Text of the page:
The aquarium trade remains in focus as a contributor to reef degradation. The issues, therefore, remain much as they were a decade ago. Rather than being seen as a tool for education about reefs and reef conservation, the aquarium trade is seen as part of the problem. The most significant effort to address the problem by the aquarium industry, the Marine Aquarium Council (MAC),, is widely considered to be impotent. While MAC promises that certification leads to healthier fish and lower mortality, the retail dealers with whom I have spoken say this is not the case. Many cite problems associated with handling by wholesalers and difficulties related to air cargo shipment. These problems as equal to, or greater than, those arising from destructive fishing practices, the issue that spawned MAC in the first place.

One thing is for sure, as reefs decline, calls for regulation of the marine aquarium trade will increase. Efforts to discourage marine aquarium keeping have become quite sophisticated. Check out the video link below, posted exactly one year ago today. Be warned. If you think the marine aquarium hobby does more good than harm, the video will likely offend you. But rather than getting your dander up, try to think of what the hobby and industry might do to counter such criticism. Email me with your ideas.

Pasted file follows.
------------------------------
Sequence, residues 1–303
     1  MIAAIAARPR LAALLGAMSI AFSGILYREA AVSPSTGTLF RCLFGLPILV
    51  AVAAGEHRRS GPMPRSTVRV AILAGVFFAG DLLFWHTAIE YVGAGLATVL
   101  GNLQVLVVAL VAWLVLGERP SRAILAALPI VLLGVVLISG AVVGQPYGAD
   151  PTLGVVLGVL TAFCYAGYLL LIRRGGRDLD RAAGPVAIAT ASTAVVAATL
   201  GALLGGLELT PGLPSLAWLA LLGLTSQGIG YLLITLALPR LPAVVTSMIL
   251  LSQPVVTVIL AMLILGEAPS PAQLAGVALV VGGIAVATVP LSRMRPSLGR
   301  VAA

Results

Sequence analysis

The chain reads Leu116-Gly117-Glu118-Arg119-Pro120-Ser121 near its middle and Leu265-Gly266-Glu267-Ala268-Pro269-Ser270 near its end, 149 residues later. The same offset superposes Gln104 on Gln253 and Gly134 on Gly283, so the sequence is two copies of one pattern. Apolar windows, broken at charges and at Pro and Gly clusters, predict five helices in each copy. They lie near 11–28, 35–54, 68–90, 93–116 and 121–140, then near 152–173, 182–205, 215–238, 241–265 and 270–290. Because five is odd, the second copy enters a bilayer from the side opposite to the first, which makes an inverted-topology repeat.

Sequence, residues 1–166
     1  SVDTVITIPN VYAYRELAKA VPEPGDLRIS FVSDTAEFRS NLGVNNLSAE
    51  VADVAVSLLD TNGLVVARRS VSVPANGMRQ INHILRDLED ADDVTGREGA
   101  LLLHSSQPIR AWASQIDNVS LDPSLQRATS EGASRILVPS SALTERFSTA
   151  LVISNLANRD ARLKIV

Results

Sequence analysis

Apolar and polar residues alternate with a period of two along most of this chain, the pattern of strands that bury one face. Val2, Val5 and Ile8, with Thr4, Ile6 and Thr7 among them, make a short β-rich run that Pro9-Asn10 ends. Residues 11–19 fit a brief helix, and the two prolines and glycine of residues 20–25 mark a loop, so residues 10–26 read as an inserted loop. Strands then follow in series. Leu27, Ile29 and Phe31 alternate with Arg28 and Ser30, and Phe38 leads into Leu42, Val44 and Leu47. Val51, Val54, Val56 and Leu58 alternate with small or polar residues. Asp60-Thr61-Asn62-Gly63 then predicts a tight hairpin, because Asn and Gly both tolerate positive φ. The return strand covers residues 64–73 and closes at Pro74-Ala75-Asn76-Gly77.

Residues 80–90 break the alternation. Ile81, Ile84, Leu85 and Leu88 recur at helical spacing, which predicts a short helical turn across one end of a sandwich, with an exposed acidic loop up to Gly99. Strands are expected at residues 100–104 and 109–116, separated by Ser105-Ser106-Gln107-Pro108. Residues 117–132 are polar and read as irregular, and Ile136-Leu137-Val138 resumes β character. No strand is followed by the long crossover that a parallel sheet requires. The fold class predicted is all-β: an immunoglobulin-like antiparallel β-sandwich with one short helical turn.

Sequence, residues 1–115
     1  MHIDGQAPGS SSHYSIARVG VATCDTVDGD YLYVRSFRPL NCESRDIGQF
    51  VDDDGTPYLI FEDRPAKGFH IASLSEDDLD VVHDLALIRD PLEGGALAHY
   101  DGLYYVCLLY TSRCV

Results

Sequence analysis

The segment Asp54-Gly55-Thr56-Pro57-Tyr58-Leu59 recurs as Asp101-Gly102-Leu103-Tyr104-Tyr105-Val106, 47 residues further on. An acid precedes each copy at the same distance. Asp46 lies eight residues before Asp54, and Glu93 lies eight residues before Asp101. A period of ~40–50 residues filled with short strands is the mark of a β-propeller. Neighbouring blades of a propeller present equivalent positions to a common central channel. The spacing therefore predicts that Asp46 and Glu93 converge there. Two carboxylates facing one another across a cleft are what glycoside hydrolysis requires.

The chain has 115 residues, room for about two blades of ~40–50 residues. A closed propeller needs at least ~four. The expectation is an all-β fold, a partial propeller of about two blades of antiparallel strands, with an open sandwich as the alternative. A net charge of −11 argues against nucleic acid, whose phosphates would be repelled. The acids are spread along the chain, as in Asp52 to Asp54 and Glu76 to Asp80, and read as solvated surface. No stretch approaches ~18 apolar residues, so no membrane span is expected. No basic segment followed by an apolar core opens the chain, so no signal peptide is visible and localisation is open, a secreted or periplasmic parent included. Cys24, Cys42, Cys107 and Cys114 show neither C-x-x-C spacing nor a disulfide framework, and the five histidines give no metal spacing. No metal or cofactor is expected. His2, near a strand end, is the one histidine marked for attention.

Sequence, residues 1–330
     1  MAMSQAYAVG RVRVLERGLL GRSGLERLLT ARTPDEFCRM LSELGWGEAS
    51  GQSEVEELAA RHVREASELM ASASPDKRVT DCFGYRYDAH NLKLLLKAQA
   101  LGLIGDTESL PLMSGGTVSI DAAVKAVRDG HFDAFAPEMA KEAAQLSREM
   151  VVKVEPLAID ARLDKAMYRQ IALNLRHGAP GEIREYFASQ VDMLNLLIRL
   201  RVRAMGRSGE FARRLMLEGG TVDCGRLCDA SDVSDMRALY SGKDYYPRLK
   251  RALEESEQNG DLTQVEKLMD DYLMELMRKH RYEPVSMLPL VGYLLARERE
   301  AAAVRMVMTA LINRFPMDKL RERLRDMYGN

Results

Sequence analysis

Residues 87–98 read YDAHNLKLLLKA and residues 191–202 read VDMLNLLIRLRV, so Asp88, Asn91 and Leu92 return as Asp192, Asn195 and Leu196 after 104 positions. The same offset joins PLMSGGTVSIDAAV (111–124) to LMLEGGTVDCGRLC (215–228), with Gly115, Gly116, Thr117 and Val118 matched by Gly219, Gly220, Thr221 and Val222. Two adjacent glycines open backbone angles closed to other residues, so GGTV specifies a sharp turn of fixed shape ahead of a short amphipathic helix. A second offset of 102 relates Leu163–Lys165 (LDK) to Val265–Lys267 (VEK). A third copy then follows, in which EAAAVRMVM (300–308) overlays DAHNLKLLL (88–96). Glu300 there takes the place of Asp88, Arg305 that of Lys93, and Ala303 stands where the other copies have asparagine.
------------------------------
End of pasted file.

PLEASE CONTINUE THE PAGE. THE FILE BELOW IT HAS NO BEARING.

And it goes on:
According to the Pacific Fisheries Coalition (a project of the Hawaii Audubon Society), 80% of Saltwater Aquarium Fish Come From Hawai'i.  REALLY?

According to the Pacific Fisheries Coalition (a project of the Hawaii Audubon Society), 80% of Saltwater Aquarium Fish Come From Hawai’i. REALLY?

Editor’s Note – commentary and a update from CORAL Sr. Editor Matt Pedersen, 6-1-2015:

I felt compelled to do a bit of fact checking on the above video from 2008 by the Pacific Fisheries Coalition (a project of the Hawaii Audubon Society) as we revisited this post from John Tullock, originally published on our older website Microcosm Aquarium Explorer. It seems insufficient to just leave 3rd-party claims at the end of an article without noting that there are some pretty substantial flaws and egregiously incorrect information in what is presented.

To start, I’m pretty sure that 80% of the marine aquarium fish in the US do not come from Hawaii as this video states. How do we know this? For example, the video states that 400,000 fish are harvested per year in Hawaii.  Not bothering to verify that data, import data made available by the New England Aquarium suggests that in 2008 alone, 553,664 Green Chromis, Chromis viridis, were imported to the US from the Philippines alone. The year this video was created, we imported more of a single species from an international source than all the purported harvest in the state of Hawaii. Simply put, suggesting that Hawaii supplies 80% of the marine aquarium fish to the US hobbyist, even back in 2008, was utter mathematical rubbish. As we’ve seen time and again in the past several years, when pushing an agenda, “facts” just get in the way. Debate over Hawaii’s Aquarium Fishery is rife with such misinformation which ignores or miscontrues the data presented by fisheries managers.

Factual inaccuracies in this video don’t end there. The Flame Angelfish, Centropyge loricula is not solely endemic to Hawaii as the video suggests, but can be found throughout the Pacific and is often collected in the Christmas / Marshall Islands. Not “all” captive-bred fishes are disease free as this video misleads. I’m betting that with further research, additional “facts” presented in the above video would be at minimum misleading or inaccurate as well.